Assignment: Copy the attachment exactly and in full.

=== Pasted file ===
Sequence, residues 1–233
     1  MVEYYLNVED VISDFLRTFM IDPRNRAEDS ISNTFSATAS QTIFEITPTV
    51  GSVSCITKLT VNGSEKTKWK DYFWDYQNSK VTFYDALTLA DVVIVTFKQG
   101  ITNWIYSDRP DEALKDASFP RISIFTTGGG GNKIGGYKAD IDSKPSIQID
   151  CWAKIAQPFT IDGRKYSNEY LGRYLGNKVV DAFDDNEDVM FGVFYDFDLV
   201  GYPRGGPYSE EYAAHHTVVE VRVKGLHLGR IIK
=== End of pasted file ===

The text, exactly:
Sequence, residues 1–233
     1  MVEYYLNVED VISDFLRTFM IDPRNRAEDS ISNTFSATAS QTIFEITPTV
    51  GSVSCITKLT VNGSEKTKWK DYFWDYQNSK VTFYDALTLA DVVIVTFKQG
   101  ITNWIYSDRP DEALKDASFP RISIFTTGGG GNKIGGYKAD IDSKPSIQID
   151  CWAKIAQPFT IDGRKYSNEY LGRYLGNKVV DAFDDNEDVM FGVFYDFDLV
   201  GYPRGGPYSE EYAAHHTVVE VRVKGLHLGR IIK